There Is No Business Case For The Football Stadium

A year ago this month, an article in this space questioned the proposal for a football stadium in Halifax. The recently released update from Schooners Sports and Entertainment (SSE) confirms some of the year-ago concerns and adds new ones. Some of today’s text is repeated from a year ago.

  1. The proponents now pitch the stadium as a 12,000 seat “community” facility plus 9,000 semi-permanent seats to make it big enough for CFL games. There is no indication that the CFL has agreed that this satisfies their needs, even as a temporary measure. It would always look second-rate.
  2. The cost is estimated at $110 million. This assumes that the project is not charged HST, property tax, deed transfer tax, or permitting fees. No estimate of how much this is worth is provided, but it would be well north of $20 million by the time the stadium is ready for its first game. Who covers that?
  3. There will be perhaps 10 CFL football games a year. On the other 355 days, it is available for community use.

    Why do we need a community stadium with 21,000 seats? If we do want more community resources why locate them in Shannon Park?

    We need only look at the successful Wanderers Grounds facility to imagine what a useful community stadium might look like, though needing fewer than 6,000 seats. A number of such fields could be built in other high-density areas for far less than $110 million.

  4. The entire construction cost is to be financed by debt which would be serviced by:
    • A 2% tax on hotel rooms and rental cars said to be worth $4 million per year. This has been roundly condemned by tourism operators who understand that 10 home games a year will not sell many rooms.
    • “Tax increment financing” which means taking a chunk of the normal property taxes on commercial and residential properties near the stadium. This is alleged to be worth $15-$20 million upfront or $2 million a year for 30 years.

      It is based on the entirely false assumption that without the stadium there, there would be less property developed in HRM.

      If there is demand for commercial or residential buildings, they will get built somewhere whether or not there is a stadium.

      If there is no demand, new buildings beside the stadium will create excess supply that drives down assessment values, and therefore tax revenue, everywhere. That is what happened with the office component that was supposed to pay for the Convention Centre.

  5. New high capacity roads would be needed at taxpayers’ expense. Given the small parking area, so would mass transit for the 10 days a year that a football game is happening.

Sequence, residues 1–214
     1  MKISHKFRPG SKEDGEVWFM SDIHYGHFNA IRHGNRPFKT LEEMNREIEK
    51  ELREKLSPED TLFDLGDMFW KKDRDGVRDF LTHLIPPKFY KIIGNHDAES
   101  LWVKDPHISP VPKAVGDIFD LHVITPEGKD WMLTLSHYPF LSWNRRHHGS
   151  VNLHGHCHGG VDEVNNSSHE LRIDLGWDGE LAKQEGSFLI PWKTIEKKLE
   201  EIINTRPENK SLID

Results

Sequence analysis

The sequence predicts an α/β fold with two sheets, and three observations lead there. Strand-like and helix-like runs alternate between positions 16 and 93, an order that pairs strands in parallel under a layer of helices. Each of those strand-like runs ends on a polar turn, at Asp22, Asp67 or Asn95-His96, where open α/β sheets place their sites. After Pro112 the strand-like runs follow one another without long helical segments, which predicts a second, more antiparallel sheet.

6. The report has the audacity to title one section “Proposed Ownership Structure—Public benefit, Private Risk.” Nothing could be further from the truth. Taxpayers have all the risk.
    • HRM would be responsible for any construction cost overruns, which are virtually certain to occur based on the experiences of other CFL cities, and HRM’s lack of capacity or experience to manage such a project.
    • The football team could fold. This has happened in much larger cities. Montreal was without a team from 1987 to 1996. Ottawa was without a team from 1997 to 2001 and again from 2006 to 2013. If the team folds, HRM is left with an empty site and all the bills.
    • HRM will be on the hook for all maintenance and repairs. Hamilton is already spending millions to repair deficiencies on its new Tim Hortons Field.
    • HRM would be at risk for whether and when buildings that purportedly contribute “Tax increment financing” are constructed.
    • If the operators are having financial trouble they could raise the prices charged to community groups to an unaffordable level.
    • The stadium would be owned by a shell company with no other assets. The proponents expect HRM or the province to guarantee the entire loan.
    • Construction times from groundbreaking of 22 months (Hamilton) to 36 months (Regina and Winnipeg) mean that it could be 2024 before financing is established. Borrowing costs could easily be much higher then.

SSE’s document is an advocacy piece, not a business plan. There may be even more unacknowledged cost and risk implications.

Municipal council came close to killing the project even before receiving a report from staff. When they receive it, there should be little hesitation about saying no and moving on to other business.